(1891 – 1982)
James Thomas Alexander was an advocate of and a strong believer in education, self-help, self-esteem, and traditional values as a means of overcoming adversities, responding to challenges, and unlocking and opening doors to opportunities in life. Nothing in his life evidenced this any better than the long and arduous road he traveled in order to complete his education. A hard life and World War I presented many limitations, but his determination and perseverance kept him “knocking on doors” until he could finish high school at the age of 31.
He was a first lieutenant during World War I in the U. S. Army throughout its duration. He returned home in 1919 to an emotional welcome home as a hero and war veteran. He then continued his high school education at the North Alabama Baptist Academy in Lawrence County, Alabama. Immediately after high school graduation, he applied to Hampton Institute, Virginia, and was admitted as a freshman work student in the fall of 1922. Admirably, he was in the R.O.T.C. and an All-American football player for each year.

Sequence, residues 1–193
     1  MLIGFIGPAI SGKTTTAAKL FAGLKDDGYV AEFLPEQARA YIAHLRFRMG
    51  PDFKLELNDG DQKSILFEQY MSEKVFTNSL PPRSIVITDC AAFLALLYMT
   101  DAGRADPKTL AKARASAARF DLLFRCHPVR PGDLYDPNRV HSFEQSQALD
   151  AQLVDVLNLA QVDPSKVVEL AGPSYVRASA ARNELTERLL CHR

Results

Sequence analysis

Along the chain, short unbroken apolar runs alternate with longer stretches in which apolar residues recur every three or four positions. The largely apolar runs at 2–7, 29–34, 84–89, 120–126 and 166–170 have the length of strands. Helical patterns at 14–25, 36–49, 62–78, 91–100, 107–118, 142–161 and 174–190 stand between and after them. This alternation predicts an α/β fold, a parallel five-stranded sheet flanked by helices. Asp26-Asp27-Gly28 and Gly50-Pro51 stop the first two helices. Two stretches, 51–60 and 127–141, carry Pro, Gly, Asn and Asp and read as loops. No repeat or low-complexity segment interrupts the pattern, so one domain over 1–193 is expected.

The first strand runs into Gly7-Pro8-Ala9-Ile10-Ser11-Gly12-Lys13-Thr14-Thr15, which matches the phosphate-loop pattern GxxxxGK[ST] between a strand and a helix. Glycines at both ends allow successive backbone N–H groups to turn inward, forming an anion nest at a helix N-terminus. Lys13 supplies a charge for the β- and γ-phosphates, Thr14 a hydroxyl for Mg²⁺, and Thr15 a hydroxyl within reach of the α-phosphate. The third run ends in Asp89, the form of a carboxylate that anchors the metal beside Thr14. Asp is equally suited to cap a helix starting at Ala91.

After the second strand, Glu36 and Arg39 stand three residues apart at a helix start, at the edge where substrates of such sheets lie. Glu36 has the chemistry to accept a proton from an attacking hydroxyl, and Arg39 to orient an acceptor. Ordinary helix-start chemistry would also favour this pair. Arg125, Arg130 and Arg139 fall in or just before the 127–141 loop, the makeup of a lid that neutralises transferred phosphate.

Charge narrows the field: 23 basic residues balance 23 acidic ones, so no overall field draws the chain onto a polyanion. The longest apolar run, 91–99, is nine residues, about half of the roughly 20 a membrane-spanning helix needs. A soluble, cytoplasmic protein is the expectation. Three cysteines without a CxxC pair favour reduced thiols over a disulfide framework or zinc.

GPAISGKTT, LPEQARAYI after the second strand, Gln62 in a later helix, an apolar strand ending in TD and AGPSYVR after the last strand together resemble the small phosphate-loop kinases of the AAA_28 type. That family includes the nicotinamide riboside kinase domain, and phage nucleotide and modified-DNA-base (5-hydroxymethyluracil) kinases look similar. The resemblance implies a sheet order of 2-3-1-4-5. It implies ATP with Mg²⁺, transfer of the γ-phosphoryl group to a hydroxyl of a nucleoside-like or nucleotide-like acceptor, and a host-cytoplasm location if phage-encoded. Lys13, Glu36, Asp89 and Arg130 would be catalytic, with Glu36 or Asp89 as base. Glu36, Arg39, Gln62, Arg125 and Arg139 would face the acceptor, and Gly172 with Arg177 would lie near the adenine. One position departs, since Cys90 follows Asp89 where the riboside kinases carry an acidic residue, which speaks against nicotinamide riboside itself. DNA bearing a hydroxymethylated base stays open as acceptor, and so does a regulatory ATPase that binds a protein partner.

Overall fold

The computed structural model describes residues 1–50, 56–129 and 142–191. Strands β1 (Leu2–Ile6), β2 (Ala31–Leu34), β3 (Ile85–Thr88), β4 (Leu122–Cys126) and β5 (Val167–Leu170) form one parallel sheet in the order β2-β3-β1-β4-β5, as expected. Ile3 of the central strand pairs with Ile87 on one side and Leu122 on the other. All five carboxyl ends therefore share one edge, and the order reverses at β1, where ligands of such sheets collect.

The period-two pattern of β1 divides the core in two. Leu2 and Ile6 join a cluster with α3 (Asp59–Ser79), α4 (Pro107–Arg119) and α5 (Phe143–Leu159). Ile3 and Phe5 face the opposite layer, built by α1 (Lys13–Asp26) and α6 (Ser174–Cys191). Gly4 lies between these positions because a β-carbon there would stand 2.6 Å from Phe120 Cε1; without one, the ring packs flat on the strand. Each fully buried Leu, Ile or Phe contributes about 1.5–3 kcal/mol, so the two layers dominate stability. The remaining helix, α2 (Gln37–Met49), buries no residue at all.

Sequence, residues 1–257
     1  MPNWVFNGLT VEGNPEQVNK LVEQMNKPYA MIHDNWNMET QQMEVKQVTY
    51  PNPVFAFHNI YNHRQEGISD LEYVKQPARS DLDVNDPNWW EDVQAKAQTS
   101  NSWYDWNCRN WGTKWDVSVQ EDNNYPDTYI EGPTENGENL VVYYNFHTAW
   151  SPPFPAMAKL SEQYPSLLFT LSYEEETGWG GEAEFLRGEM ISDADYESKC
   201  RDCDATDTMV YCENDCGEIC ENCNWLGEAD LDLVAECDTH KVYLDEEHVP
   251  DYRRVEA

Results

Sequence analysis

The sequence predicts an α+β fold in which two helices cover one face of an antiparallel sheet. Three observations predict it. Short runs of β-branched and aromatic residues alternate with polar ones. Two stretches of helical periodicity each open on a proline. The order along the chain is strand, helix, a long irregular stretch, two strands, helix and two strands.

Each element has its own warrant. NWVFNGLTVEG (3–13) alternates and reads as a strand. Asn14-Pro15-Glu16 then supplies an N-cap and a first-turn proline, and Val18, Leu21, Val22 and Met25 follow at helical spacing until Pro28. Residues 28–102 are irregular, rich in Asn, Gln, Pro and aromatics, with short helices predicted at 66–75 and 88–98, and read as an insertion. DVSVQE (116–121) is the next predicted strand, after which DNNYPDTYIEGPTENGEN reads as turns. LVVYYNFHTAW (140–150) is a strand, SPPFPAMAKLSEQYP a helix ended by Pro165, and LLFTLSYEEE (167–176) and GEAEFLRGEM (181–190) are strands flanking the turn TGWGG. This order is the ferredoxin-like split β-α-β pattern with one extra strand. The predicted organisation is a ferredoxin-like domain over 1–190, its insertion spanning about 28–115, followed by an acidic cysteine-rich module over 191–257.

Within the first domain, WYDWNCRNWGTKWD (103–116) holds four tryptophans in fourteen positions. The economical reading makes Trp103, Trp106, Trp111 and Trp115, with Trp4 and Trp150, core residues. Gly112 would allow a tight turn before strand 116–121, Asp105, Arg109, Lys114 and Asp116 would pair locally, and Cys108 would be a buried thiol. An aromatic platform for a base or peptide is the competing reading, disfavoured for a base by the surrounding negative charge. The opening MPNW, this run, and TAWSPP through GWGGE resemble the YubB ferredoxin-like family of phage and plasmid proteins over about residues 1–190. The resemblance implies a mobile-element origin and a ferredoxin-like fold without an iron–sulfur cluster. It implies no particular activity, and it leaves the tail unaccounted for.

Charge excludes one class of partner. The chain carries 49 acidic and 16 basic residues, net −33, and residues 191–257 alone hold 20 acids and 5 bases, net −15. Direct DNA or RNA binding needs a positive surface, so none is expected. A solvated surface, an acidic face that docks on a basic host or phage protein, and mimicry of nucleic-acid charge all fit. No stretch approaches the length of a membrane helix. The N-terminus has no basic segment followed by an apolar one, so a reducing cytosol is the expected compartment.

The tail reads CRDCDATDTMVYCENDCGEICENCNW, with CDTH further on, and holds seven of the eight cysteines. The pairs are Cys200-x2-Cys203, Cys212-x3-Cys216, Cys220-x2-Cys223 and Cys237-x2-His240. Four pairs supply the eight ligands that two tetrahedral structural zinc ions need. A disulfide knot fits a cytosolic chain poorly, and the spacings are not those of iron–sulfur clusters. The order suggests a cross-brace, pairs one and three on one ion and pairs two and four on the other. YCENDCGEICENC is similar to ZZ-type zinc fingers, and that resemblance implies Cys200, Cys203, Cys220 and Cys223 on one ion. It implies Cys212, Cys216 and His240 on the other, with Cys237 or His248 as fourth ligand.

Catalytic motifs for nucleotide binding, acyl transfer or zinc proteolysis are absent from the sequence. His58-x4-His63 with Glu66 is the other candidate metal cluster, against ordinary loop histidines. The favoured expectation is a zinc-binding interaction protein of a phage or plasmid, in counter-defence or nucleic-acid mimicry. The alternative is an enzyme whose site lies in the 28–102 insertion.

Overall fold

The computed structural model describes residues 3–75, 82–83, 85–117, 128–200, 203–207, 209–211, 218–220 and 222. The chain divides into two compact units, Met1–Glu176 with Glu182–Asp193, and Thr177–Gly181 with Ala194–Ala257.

After graduation in 1926, he was appointed Negro Farm Agent in Montgomery County and held this position until his retirement on June 30, 1957. His tenure was referred to as “The Alexander Era” and that “among farm agents, he was the most memorable as the servant for the people.” While serving as Negro Farm Agent, he founded the Montgomery County Farmers Service and Welfare Association and helped Negro farmers to strive for better conditions on the farm and in the marketplace.
After his retirement, he remained active in civic and church work. He was a member of Dexter Avenue King Memorial Baptist Church and served as an officer of many church-related organizations.
The record of James Thomas Alexander will live through the years and his legacy of attributes and achievements make it fitting that his name be inscribed on the dedicatory plaque of the Extension Memorial Chapel.
Chapel Plaque Inscription Number: 208